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Saving starts with a simple formula

Cultivating a culture of saving will help you achieve financial freedom through the interest you earn on your savings.
Cultivating a culture of saving will help you achieve financial freedom through the interest you earn on your savings.

July marks the second part of the year which, among other things, gives us an opportunity to gauge our progress towards the goals and objectives we set at the beginning of the year.

This month is also National Savings Month, an initiative started in 2001 by nonprofit organisation the South African Savings Institute (Sasi).

The campaign aims to raise awareness of fiscal planning and saving, as well as keeping citizens informed about investments and savings.

Research indicates that most South Africans have a poor savings culture. The reasons range from economic issues to bad financial decisions and a lack of discipline.

But what are savings and why are they important? Savings are income that is not spent. Because a person does not know what will happen in the future, money should be saved to pay for emergencies.

A savings account is the perfect vehicle for short-term goals, since the money put there is somewhat safe from loss. At the same time, the money you put in a savings account can earn a bit of interest, maximising the value of your savings and making it that much more effective.

It can be tempting to purchase something you want today using credit rather than saving up for it and paying cash for it in the future. When you use credit, you add to the cost of the purchase because of the interest you have to pay on that purchase.

When you save so that you can pay for purchases, not only will you not pay interest, but you also earn interest because the money sits in a bank account waiting to be used.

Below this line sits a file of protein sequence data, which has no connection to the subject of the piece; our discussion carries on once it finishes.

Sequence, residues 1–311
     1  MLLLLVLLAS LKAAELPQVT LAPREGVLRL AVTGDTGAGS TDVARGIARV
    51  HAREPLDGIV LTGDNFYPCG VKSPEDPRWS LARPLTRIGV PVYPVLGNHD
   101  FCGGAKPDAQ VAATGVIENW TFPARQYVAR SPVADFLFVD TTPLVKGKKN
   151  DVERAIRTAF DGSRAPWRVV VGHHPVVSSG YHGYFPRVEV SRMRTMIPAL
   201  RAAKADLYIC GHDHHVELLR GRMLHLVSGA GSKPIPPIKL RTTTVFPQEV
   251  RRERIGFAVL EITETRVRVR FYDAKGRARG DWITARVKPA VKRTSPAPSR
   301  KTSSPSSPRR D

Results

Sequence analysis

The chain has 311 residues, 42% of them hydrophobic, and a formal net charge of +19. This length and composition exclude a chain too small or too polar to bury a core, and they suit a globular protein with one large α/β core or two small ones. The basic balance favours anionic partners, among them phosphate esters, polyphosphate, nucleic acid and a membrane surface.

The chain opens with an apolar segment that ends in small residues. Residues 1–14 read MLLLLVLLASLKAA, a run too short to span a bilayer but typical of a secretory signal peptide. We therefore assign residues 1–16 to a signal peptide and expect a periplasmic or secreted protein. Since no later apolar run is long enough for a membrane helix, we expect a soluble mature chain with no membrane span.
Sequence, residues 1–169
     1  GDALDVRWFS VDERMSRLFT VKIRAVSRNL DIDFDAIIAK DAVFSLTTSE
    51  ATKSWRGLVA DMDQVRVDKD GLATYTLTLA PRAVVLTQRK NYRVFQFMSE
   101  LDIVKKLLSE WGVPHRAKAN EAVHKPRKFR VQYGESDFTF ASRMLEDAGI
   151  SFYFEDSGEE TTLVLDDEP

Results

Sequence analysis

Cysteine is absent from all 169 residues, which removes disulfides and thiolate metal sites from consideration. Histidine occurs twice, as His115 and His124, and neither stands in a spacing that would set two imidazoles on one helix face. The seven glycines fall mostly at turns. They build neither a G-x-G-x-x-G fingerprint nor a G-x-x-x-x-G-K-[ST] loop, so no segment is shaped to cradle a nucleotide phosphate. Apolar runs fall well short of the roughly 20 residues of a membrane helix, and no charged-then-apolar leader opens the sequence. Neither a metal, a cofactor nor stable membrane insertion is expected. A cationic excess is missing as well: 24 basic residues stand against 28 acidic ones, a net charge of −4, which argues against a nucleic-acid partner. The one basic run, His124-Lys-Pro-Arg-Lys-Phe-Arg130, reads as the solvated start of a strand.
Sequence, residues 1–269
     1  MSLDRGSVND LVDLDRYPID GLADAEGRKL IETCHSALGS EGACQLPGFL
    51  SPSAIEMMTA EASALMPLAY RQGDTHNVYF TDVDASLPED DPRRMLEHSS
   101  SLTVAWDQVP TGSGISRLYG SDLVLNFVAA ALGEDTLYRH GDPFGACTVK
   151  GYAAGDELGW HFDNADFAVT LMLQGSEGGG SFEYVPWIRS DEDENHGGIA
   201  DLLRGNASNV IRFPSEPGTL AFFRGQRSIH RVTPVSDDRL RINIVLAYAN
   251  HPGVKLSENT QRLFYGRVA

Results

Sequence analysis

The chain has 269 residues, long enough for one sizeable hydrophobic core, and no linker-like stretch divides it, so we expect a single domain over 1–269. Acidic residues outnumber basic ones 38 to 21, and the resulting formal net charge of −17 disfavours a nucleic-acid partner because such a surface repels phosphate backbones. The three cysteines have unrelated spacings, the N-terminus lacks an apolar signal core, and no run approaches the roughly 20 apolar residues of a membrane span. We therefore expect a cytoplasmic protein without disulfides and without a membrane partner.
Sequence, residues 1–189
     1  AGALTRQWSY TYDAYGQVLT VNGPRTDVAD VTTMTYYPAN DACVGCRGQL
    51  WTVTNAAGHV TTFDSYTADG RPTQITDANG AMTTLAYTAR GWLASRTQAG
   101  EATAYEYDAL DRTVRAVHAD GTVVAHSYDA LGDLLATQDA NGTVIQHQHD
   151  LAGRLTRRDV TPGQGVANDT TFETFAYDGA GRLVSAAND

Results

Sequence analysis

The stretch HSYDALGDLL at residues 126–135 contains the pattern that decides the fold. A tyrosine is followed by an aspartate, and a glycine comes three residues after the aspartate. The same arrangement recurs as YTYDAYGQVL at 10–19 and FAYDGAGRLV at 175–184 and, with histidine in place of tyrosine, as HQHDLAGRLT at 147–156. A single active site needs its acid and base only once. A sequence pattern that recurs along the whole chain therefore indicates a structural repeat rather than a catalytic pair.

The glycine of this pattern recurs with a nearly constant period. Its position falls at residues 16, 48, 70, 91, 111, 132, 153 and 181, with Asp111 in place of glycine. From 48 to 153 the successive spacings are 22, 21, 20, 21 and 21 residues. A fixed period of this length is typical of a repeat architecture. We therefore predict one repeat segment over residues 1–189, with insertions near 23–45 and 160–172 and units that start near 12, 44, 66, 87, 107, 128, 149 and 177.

We can improve our savings culture by adopting simple and practical formulae.

These can be customised for each individual and avoid the pressure to keep up with the Joneses, the Khumalos and the Motsepes.

  • The net-worth formula

The first practical formula is your net worth. If you add up the value of all of the things you own and subtract all your debts, what is the number you get?

Saving with the purpose of improving this number can increase your net worth and keeps you on track year in and year out.

Ideally, that number should be higher than it was a year ago. If it's higher, then you are achieving financial success. If it's not, then you are making some missteps and not achieving financial success, especially if this pattern persists.

  • The savings rate formula

The other mathematical formula is your savings rate. To calculate your savings rate, start by adding up all the money you contribute to your savings and investments each month. Add any additional payments that you pay toward debt.

Once you have the monthly total, divide that amount by your total income (the total monthly amount that lands in your bank account). Multiply that amount by 100 to express your savings rate as a percentage of your total income.

This number represents how much of your money you are using to improve your financial situation. The higher your savings rate, the better.

A high savings rate not only means you are in control of your cost of living, but it means you are taking financial strides forward every month.

  • Final Thought

Taking a piece of paper and a calculator can improve your attitude towards savings.

The formulae described above are practical and can be adopted by everyone.

These methods should help you track your progress and will also assist you in cultivating a savings culture.

  • Sekese is a certified financial planner professional and member of the Financial Planning Institute. Visit www.fpi.co.za

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